Would People Drive Less if Cities Were Built Differently?

Dr. Marlon Boarnet, a professor in UC Irvine's Dept. of Planning, Policy and Design, has based his research around that question and has some answers.

Boarnet recently refined a way to scientifically measure built environment elements that might be linked to walking. He explains his research in this video:

Full Story: Transportation Planning and Climate Change

Comments

Comments

The Planetizen headline is

The Planetizen headline is misleading. Anyone who has spent time in, or is familiar with, any transit- and pedestrian-friendly city in the world (be it in Europe, the US, Canada or elsewhere) knows the answer is yes. The research is really about what factors contribute to less driving.

M.C.

May be it is just as much about social change?

I'm not so sure. If you re-built where I live with a transit- and pedestrian-friendly place and put the same people back into it, I honestly believe they would still try to drive everywhere. The reason being the car is all these people know, are comfortable with and build communities around. May be in a couple of generations this crazy world view would change??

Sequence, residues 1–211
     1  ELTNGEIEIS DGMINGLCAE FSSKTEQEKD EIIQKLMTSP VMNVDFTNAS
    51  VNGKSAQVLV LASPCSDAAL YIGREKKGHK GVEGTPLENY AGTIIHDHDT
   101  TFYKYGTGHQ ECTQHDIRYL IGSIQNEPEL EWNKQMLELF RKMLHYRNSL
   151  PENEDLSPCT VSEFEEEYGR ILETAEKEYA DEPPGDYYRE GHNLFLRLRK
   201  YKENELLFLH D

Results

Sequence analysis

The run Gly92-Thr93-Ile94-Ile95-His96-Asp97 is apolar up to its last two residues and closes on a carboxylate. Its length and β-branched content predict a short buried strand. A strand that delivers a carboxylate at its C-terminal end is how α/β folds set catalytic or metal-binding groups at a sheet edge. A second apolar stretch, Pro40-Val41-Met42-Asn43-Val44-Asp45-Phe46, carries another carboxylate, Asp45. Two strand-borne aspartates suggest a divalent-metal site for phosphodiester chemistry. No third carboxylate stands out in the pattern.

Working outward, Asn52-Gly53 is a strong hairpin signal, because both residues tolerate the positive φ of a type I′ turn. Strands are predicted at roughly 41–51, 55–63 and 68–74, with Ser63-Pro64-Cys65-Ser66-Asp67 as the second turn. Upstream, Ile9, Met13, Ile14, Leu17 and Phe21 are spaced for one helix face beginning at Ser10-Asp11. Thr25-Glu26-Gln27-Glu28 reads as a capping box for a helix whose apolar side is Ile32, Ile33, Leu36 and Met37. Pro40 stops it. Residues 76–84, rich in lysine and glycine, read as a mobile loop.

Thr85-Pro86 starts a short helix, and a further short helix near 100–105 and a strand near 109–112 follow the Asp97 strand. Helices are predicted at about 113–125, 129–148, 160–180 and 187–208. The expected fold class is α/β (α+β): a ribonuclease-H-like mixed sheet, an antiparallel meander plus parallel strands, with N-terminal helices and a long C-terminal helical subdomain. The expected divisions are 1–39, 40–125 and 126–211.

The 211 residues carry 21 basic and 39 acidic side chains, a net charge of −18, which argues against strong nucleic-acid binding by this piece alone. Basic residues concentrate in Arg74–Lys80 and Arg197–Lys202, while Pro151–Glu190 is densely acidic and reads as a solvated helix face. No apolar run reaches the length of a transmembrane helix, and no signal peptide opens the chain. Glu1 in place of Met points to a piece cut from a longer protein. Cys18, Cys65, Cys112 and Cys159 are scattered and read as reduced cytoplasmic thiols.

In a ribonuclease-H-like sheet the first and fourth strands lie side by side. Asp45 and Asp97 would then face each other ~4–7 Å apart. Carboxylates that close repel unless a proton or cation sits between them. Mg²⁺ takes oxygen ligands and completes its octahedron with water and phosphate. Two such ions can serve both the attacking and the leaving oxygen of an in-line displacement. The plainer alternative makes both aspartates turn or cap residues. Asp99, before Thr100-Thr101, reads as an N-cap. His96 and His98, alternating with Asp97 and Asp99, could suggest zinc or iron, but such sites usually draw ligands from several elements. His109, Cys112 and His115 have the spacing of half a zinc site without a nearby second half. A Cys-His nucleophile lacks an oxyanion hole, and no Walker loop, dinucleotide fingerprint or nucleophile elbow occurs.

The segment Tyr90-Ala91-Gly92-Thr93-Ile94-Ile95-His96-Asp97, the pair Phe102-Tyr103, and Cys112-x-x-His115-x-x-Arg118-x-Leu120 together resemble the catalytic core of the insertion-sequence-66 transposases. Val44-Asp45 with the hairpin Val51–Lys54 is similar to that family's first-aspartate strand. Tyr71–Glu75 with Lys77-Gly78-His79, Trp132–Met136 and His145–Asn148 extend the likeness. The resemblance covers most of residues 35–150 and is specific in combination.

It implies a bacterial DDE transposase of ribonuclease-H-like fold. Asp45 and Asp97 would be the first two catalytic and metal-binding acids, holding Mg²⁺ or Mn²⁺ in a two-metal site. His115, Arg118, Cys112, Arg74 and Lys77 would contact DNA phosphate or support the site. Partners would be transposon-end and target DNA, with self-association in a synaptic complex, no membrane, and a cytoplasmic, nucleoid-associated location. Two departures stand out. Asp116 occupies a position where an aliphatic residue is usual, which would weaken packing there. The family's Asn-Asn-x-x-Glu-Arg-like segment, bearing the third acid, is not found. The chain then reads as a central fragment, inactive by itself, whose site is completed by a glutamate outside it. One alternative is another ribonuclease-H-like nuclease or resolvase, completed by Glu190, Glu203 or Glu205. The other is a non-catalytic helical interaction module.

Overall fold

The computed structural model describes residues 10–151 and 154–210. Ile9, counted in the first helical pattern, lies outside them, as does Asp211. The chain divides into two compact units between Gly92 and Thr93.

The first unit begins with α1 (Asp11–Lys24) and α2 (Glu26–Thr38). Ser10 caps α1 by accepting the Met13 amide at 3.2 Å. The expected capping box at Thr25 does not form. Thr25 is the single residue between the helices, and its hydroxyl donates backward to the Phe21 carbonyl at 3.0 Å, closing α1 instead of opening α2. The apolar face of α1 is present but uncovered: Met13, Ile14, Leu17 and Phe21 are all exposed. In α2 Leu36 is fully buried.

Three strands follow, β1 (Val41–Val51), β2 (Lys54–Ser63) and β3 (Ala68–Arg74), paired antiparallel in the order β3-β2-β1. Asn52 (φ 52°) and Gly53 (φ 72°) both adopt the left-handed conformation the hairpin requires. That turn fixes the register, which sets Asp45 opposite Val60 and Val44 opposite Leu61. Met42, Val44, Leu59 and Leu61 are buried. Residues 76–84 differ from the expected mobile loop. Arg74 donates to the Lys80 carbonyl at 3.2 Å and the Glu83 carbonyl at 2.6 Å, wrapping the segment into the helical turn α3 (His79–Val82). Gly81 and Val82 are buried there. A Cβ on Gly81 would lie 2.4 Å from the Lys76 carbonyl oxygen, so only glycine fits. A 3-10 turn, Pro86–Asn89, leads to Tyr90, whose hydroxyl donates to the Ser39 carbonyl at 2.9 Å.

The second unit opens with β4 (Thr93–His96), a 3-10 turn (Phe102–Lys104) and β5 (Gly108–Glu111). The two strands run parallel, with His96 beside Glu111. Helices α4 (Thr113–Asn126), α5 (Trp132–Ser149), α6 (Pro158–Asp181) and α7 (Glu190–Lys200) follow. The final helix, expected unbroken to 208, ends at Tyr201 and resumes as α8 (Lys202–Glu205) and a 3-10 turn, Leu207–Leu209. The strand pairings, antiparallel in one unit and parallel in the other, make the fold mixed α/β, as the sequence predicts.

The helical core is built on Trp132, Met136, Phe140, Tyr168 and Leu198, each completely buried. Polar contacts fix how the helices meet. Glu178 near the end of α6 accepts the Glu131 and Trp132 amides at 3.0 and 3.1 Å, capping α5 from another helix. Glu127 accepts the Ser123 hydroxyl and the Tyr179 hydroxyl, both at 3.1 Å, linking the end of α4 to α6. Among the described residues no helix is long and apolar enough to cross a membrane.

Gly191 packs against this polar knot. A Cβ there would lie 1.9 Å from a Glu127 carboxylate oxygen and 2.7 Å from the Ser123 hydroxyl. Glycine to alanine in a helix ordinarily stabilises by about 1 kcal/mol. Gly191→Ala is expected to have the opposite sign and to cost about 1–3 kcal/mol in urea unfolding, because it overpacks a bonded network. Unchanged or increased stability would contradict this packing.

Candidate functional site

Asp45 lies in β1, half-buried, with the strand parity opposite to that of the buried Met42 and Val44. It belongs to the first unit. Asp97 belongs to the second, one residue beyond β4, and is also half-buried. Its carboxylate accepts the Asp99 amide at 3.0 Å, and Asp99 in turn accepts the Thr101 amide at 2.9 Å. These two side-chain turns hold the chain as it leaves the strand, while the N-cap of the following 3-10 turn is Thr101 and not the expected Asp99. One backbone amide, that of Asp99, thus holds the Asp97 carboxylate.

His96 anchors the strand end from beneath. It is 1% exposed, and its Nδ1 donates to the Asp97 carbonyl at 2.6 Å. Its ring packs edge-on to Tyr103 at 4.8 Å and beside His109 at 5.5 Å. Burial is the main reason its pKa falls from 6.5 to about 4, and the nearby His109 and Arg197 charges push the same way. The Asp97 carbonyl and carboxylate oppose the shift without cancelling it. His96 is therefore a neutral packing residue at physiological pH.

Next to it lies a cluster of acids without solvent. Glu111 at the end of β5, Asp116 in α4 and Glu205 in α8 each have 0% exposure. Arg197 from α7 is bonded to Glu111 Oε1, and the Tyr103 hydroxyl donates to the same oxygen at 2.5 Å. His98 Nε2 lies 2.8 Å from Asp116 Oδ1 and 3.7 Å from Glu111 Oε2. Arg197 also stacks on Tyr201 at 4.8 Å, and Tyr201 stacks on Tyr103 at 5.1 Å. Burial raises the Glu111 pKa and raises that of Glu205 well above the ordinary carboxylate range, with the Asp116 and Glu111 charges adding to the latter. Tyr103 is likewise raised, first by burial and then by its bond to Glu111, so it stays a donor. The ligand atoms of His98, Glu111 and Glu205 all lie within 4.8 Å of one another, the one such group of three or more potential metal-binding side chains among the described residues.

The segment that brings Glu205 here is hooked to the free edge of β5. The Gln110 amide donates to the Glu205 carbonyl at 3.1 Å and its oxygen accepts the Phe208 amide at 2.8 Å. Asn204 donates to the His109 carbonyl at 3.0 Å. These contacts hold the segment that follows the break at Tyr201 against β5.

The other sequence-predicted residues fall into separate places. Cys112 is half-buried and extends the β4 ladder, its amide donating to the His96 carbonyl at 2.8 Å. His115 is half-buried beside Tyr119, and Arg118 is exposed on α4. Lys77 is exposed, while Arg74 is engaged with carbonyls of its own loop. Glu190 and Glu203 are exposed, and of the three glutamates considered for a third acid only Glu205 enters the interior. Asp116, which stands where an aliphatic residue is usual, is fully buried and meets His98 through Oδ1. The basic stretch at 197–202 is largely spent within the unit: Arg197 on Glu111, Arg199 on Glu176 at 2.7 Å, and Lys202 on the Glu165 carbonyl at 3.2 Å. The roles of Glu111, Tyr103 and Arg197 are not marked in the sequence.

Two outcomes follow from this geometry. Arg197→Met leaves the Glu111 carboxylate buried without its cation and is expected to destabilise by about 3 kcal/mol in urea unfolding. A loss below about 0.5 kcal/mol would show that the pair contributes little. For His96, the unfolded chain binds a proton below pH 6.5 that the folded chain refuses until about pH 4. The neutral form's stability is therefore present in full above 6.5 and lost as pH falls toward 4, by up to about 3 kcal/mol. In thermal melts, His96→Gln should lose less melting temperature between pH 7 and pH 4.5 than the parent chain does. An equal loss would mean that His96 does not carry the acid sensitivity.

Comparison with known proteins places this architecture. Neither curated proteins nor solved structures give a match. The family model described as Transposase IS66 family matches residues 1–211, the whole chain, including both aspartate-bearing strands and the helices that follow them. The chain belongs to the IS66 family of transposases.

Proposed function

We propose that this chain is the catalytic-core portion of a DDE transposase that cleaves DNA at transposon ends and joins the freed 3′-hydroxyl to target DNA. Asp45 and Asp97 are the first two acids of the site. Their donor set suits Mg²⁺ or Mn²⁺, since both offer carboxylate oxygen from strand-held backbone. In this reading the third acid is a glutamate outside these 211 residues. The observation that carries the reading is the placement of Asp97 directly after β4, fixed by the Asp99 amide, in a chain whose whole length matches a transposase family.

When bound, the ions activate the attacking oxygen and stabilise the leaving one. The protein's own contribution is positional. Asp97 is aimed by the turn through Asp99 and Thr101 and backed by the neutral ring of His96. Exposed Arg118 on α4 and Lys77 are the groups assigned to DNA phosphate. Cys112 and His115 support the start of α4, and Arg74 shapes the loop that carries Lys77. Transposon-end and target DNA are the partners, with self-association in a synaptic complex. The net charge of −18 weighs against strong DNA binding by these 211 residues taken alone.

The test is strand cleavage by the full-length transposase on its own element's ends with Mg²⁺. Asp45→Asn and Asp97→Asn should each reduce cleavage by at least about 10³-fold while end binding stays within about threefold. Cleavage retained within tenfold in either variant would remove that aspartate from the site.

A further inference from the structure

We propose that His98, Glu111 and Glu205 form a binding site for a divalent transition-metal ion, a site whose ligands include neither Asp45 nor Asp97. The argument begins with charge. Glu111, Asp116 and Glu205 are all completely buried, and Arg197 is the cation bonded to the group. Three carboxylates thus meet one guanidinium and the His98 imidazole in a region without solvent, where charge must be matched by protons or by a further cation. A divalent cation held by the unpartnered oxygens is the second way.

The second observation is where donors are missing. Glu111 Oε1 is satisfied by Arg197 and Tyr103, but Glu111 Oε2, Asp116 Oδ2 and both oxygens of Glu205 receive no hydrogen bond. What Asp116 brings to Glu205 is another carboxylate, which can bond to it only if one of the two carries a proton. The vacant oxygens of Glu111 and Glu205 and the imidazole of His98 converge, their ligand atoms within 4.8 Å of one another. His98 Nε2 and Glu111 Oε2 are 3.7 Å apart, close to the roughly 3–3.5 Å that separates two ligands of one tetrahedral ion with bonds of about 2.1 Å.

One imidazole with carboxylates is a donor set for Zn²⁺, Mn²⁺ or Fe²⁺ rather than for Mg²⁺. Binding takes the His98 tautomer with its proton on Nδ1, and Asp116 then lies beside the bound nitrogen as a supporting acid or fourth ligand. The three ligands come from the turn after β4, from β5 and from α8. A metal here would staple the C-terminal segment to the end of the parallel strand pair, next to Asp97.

Boiling everything down to first principles, my question for all the urban gurus (because i'm not one of them!) is what comes first, social change or fantastic pedestrian- and transit- ready places? Or do they happen together in an organic way over time? And secondly what are the key drivers for change?

bb

ps, just so we're clear I am also part of the problem as I own a car.

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